Trillian Patches Through To MSN, Yahoo... For Now

from the ah,-the-IM-battles dept

If you remember the IM interoperability wars of a couple of years ago when AOL would block Trillian one day, only to have Trillian offer a patch the next... guess what? Those wars are back. We've already said that Microsoft and Yahoo were getting ready to block Trillian. Well, now Trillian has fired back and said they'll patch through whatever blocks are put in place - though, it may mean your IM client will work one day and not the next. Once again, these companies are simply killing the network effects of IM. Whatever happened to giving customers what they want? Email never would have taken off like it did if it wasn't based on a standard that (eventually) everyone agreed on. Why is it that these companies don't seem to realize the same thing is true of instant messaging?
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  • identicon
    Oliver Wendell Jones, 18 Sep 2003 @ 11:50am

    Advertising?

    The big difference I see between using a 'branded' IM and using Trillian is that with Trillian, you're not subjected to the onslaught of 'banner' ads built into the IM client.

    No advertisements = no income, no income = no profit, no profit = why bother to continue to run this service?

    Keeping an IM system locked away makes about as much sense as limiting yourself to an e-mail client that only allows you to send/receive e-mails to other people on your ISP.

    Come to think of it, if Microsoft locked down Hotmail so that only Hotmail users could receive messages from other Hotmail users and couldn't broadcast e-mails outside of Hotmail.com domains, and AOL did the same thing, then where would all my SPAM come from?

    reply to this | link to this | view in chronology ]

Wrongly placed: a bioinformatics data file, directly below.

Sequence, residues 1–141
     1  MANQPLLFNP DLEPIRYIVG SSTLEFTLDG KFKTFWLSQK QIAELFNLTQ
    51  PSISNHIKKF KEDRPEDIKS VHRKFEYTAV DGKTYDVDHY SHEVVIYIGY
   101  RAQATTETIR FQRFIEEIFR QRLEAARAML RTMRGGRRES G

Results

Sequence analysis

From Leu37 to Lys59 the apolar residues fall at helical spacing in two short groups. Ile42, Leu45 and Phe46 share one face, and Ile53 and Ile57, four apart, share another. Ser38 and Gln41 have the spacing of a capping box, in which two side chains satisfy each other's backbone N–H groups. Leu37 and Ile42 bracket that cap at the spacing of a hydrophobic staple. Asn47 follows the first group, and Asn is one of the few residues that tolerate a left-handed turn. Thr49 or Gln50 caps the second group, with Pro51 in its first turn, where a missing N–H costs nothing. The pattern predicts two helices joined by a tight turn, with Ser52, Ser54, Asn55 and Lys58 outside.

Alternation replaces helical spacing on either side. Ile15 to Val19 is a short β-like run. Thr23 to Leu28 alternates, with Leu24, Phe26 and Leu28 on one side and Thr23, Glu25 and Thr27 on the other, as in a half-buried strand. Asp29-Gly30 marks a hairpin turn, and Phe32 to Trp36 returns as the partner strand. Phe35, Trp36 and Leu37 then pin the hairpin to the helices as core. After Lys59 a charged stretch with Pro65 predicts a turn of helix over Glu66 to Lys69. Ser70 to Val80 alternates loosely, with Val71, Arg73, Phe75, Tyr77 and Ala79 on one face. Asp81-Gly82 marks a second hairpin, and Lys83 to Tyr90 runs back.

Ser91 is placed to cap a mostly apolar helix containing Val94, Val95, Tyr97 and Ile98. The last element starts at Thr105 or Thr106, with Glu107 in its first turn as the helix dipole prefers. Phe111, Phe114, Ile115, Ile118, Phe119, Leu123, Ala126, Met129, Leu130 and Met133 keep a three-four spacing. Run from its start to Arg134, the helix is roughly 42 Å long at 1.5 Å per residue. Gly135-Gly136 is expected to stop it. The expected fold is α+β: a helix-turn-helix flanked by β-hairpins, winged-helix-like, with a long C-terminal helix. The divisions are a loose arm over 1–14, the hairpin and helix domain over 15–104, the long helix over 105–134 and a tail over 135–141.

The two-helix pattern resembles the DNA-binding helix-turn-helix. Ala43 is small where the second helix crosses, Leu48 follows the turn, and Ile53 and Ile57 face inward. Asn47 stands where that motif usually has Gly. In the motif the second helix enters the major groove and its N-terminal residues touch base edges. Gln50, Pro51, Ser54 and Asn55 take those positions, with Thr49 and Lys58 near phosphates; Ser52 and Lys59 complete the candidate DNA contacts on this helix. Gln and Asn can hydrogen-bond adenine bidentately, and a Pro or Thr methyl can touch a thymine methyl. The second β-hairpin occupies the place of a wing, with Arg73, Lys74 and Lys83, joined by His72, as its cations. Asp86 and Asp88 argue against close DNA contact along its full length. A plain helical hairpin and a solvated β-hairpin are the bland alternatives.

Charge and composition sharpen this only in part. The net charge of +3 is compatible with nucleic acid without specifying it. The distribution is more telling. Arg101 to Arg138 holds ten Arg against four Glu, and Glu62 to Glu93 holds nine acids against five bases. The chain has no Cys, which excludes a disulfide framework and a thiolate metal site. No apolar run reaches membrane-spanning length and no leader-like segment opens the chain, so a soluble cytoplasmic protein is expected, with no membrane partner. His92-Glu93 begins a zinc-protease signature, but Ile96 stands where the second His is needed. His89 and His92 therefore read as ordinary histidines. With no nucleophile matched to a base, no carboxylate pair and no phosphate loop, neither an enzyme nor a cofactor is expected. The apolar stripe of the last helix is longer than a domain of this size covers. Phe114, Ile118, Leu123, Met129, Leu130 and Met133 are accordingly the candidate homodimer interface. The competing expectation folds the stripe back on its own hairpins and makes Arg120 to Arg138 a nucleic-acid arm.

• identicon
      Anonymous Coward, 18 Sep 2003 @ 1:09pm

      Re: Advertising?

      " if Microsoft locked down Hotmail so that only Hotmail users could receive messages from other Hotmail users and couldn't broadcast e-mails outside of Hotmail.com domains, and AOL did the same thing, then where would all my SPAM come from? "

      Nigeria of course !

      reply to this | link to this | view in chronology ]

  • identicon
    Anonymous Coward, 18 Sep 2003 @ 2:21pm

    No Subject Given

    The reality is: running an IM service costs tens of millions of dollars a year (or more).

    While I am sure that the companies involved understand that opening up the networks is the right thing to do from a user experience point of view, there NEEDS to be a business model in place to support it.

    reply to this | link to this | view in chronology ]

    • icon
      Mike (profile), 18 Sep 2003 @ 2:59pm

      Re: No Subject Given

      Just like email?

      reply to this | link to this | view in chronology ]

      • identicon
        Oliver Wendell Jones, 18 Sep 2003 @ 3:28pm

        Re: No Subject Given

        Mike - I think you were responding to the previous poster about how there needs to be a profitable business reason to offer an IM service, and you compared it to e-mail.

        That's not a fair comparison as e-mail is pretty much a standard with almost all non-commercial internet services (i.e., AOL, MSN vs. an AT&T provided T1 line). People sign up for internet service and they expect to get e-mail. It's like buying a car, you expect it to have an engine and 4 wheels.

        IM services are 'optional' although most people use them and are usually only included in ISP packages like AOL or MSN, not Comcast, InsightBB, etc.

        The companies that do provide IM services that are open to people outside of their subscribers produce clients that have built in advertisements under the assumption that everyone who uses the service is either a) a paid subscriber or b) someone using ad revenue producing software.

        If you can name an absolutely free e-mail service that doesn't rely on ads to generate revenue, I'd like to hear about it. Hotmail = ads. NetZero = Ads. Etc.

        When people start using a 3rd party tool like Trillian (which I use and love, BTW) then the IM service providers are essentially giving away a free service and since the dot com bomb, there's just no such thing as a free lunch any more.

        Microsoft is claiming that their upgrade is due to security concerns, but it also locks out users of Microsoft Sidewinder GameVoice, a VOIP program that they've decided to stop supporting that relied on MSN Messenger v4.6, *and* it gives them an opportunity to try to make some money off of people and replace their lost ad revenue.